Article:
Global climate change hits us as an overwhelming, yet distantly abstract problem. It’s worth losing sleep over, but with the cool summer we’ve had here (only a few days over 90F—a rare blessing) not too many people in Minnesota are complaining about long nights spent tossing and turning.
Last year, one of the most significant triumphs for public access to scientific knowledge came when Congress enacted a law requiring all research funded by the National Institutes of Health (NIH) to be available for free on the Internet, under so-called open-access rules. We taxpayers pay some $29 billion a year for medical research, so it is simple justice that we ought to have free and easy access to what we’ve bought.
Ah, now I get it! The “ownership society” means that We the People get to own the distressed and worthless investments that Wall Street suddenly needs to unload. Imagine if all our Social Security funds had been privatized, as the Bush Administration sought in 2005.
Carl Malamud, the crusader famous for challenging restrictions on access to government information, is at it again. This time, he is taking on the State of California over its claims that its huge body of state law is copyrighted. Malamud argues that laws, regulations and safety standards should be in the public domain.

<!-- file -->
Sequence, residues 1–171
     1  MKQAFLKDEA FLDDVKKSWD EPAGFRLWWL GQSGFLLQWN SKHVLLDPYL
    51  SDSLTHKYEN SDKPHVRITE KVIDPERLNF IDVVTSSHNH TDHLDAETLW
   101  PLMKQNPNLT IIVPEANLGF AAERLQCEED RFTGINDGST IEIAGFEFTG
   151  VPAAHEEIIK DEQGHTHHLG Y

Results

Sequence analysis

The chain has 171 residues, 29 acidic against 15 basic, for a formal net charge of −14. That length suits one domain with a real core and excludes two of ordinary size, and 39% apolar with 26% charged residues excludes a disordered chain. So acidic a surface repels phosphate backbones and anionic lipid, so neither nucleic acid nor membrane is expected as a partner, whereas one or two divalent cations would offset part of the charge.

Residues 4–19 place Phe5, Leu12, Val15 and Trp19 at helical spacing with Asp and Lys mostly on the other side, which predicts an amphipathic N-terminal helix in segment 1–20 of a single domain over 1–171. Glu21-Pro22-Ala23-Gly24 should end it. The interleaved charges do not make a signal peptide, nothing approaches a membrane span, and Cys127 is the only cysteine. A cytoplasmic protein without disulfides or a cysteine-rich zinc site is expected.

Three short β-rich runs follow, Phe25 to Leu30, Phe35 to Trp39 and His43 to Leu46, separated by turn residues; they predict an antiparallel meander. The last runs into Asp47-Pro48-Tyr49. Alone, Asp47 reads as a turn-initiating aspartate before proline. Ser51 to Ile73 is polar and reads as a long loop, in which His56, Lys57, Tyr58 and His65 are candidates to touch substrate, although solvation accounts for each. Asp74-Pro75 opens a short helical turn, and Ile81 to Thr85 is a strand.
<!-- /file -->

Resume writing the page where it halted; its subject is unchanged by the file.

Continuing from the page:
WWOOF is a profoundly bad acronym. Sure, it’s useful: it can function, in its various forms, as nearly every part of speech. It’s a verb (“I WWOOFed last summer.”). It’s an adjective (“This is our WWOOF farm.”). It’s a noun (“I am a WWOOFer.”). It’s even a gerund (“My WWOOFing was educational and productive.”).
There is a strip of US 192 in Osceola, Florida, that people used to consider “Tacky Town,” a drab stretch of road that was filled with junky tourist amusements and strip malls – a place with ditches lining the side of the road and no sidewalks. In the 1980s, as National Public Radio reported in a wonderful segment yesterday,
The Republican Party used its national convention to ridicule the very idea of public service. In her acceptance speech, vice presidential nominee Sarah Palin joked, “I guess a small-town mayor is sort of like a community organizer, except that you have actual responsibilities.” Similar sneers about community organizing were made by former New York Governor George Pataki and former New York City Mayor Rudy Giuliani.